PTSD symptoms can be clustered into intrusive symptoms – flashbacks reliving traumatic experiences, avoidant symptoms – withdrawal from possible triggers (place, event, people) of traumatic experiences, and hyperarousal – the feeling of being threatened always occurring as insomnia, irritability, extreme startle response. Nevertheless, PTSD is curable. Effective treatment to PTSD is a combination of psychoanalysis – a therapy that deals with the patient’s unconscious and repressed memories, and drug therapy. SSRIs are the first line of medication approved by the US FDA as it was proven effective to decrease anxiety, depression, and panic reducing aggression, impulsivity, and suicidal thoughts in patients.
a. Features: PTSD is a complex disorder, classified as anxiety disorder (Post-traumatic Stress Disorder par.1) or emotional disorder (Dryden-Edwards 1). DSM-IV-TR described it a “normal reaction to abnormal events” (qtd. in Post-traumatic Stress Disorder par.1), wherein terribly threatening experiences like rape, military combat, torture, genocide, extreme disasters, etc. have disrupted the patient’s memory, emotional reactions, mental processes, and nervous system (PTSD par.1-2; Dryden-Edwards 1), making PTSD a unique psychiatric disorder, since its diagnosis depends on factor/s outside the victim – a deviance from psychiatry’s general emphasis on factors internal to individuals (PTSD par.2).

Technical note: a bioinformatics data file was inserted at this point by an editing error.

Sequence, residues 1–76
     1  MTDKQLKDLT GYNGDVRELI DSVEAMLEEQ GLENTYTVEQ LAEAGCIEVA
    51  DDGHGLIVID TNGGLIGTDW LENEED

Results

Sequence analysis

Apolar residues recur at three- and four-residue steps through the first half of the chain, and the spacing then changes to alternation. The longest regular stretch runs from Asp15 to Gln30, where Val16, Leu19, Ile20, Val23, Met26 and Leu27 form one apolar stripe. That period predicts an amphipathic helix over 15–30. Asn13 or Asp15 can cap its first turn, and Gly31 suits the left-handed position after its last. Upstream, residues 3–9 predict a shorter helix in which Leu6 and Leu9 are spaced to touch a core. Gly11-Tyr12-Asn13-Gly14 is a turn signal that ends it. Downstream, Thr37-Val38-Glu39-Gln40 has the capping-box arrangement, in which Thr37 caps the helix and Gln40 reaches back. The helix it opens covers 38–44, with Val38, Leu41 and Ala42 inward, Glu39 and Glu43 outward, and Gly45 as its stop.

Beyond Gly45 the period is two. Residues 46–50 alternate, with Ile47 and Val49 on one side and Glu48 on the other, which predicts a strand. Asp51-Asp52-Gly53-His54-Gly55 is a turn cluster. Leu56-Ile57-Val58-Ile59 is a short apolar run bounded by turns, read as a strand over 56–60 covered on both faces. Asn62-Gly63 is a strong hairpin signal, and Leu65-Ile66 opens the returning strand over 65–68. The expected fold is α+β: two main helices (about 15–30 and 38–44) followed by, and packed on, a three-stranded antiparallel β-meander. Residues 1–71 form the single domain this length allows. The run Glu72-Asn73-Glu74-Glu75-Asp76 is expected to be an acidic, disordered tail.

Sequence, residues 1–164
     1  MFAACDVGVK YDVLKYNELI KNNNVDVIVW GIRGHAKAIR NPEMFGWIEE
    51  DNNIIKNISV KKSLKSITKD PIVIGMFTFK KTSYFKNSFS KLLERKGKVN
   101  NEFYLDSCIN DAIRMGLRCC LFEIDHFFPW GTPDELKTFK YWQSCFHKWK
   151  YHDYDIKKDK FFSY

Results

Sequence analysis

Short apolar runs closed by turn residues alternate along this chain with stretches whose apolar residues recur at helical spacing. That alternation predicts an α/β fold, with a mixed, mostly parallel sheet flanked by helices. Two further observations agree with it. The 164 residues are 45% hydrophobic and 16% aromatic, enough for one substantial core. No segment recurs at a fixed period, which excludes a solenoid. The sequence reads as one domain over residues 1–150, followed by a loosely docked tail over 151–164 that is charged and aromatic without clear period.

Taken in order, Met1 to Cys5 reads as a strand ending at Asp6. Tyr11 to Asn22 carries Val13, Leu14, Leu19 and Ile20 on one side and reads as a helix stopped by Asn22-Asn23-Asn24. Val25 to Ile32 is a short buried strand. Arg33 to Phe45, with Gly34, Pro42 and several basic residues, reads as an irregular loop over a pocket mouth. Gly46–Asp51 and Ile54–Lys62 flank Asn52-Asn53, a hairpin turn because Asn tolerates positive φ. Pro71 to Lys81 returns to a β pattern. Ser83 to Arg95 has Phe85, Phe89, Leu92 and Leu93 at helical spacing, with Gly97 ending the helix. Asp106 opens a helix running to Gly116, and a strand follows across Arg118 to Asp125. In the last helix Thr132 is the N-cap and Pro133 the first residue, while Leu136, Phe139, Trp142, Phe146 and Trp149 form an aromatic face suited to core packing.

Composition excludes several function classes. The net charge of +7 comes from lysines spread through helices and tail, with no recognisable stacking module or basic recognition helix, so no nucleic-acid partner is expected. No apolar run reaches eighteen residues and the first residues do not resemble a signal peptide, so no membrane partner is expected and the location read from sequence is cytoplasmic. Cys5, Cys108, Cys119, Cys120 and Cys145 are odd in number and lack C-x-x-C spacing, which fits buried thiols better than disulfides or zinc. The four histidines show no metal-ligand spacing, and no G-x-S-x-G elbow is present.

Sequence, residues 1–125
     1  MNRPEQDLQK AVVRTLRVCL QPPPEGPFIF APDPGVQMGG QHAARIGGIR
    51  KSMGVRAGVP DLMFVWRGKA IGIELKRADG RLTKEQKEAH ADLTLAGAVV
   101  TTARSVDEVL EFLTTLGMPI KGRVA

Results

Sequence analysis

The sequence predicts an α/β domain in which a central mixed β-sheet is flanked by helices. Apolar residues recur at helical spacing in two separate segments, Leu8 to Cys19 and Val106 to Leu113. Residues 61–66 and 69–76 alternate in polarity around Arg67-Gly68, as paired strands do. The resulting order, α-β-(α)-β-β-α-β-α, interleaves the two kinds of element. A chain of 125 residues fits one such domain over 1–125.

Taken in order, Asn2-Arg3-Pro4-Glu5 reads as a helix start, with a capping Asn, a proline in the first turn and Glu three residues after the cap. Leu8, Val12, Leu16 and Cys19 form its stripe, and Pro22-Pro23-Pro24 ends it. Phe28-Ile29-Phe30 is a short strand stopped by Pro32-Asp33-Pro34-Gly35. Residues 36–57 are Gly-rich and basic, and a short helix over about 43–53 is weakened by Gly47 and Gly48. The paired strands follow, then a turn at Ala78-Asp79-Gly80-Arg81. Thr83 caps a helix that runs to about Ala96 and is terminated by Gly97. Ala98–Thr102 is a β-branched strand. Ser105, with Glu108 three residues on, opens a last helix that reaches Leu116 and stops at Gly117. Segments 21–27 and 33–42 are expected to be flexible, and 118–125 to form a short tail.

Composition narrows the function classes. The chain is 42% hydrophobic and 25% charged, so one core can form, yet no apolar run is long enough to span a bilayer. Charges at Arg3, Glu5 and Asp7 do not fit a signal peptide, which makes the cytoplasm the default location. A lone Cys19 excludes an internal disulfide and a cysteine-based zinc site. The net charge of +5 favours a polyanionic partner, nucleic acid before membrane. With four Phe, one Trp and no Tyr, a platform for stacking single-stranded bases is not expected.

b. Symptoms: DSM-IV-TR identified six criteria symptomatic of PTSD: (1) Traumatic stressor – patient’s exposure to life-threatening horrifying experiences; (2) Intrusive symptoms – flashbacks reliving traumatic experiences; (3) Avoidant symptoms – withdrawal from possible triggers (place, event, people) of traumatic experiences; (4) Hyperarousal – a threatened feeling always occurring as insomnia, irritability, extreme startle response; (5) Symptom duration – one month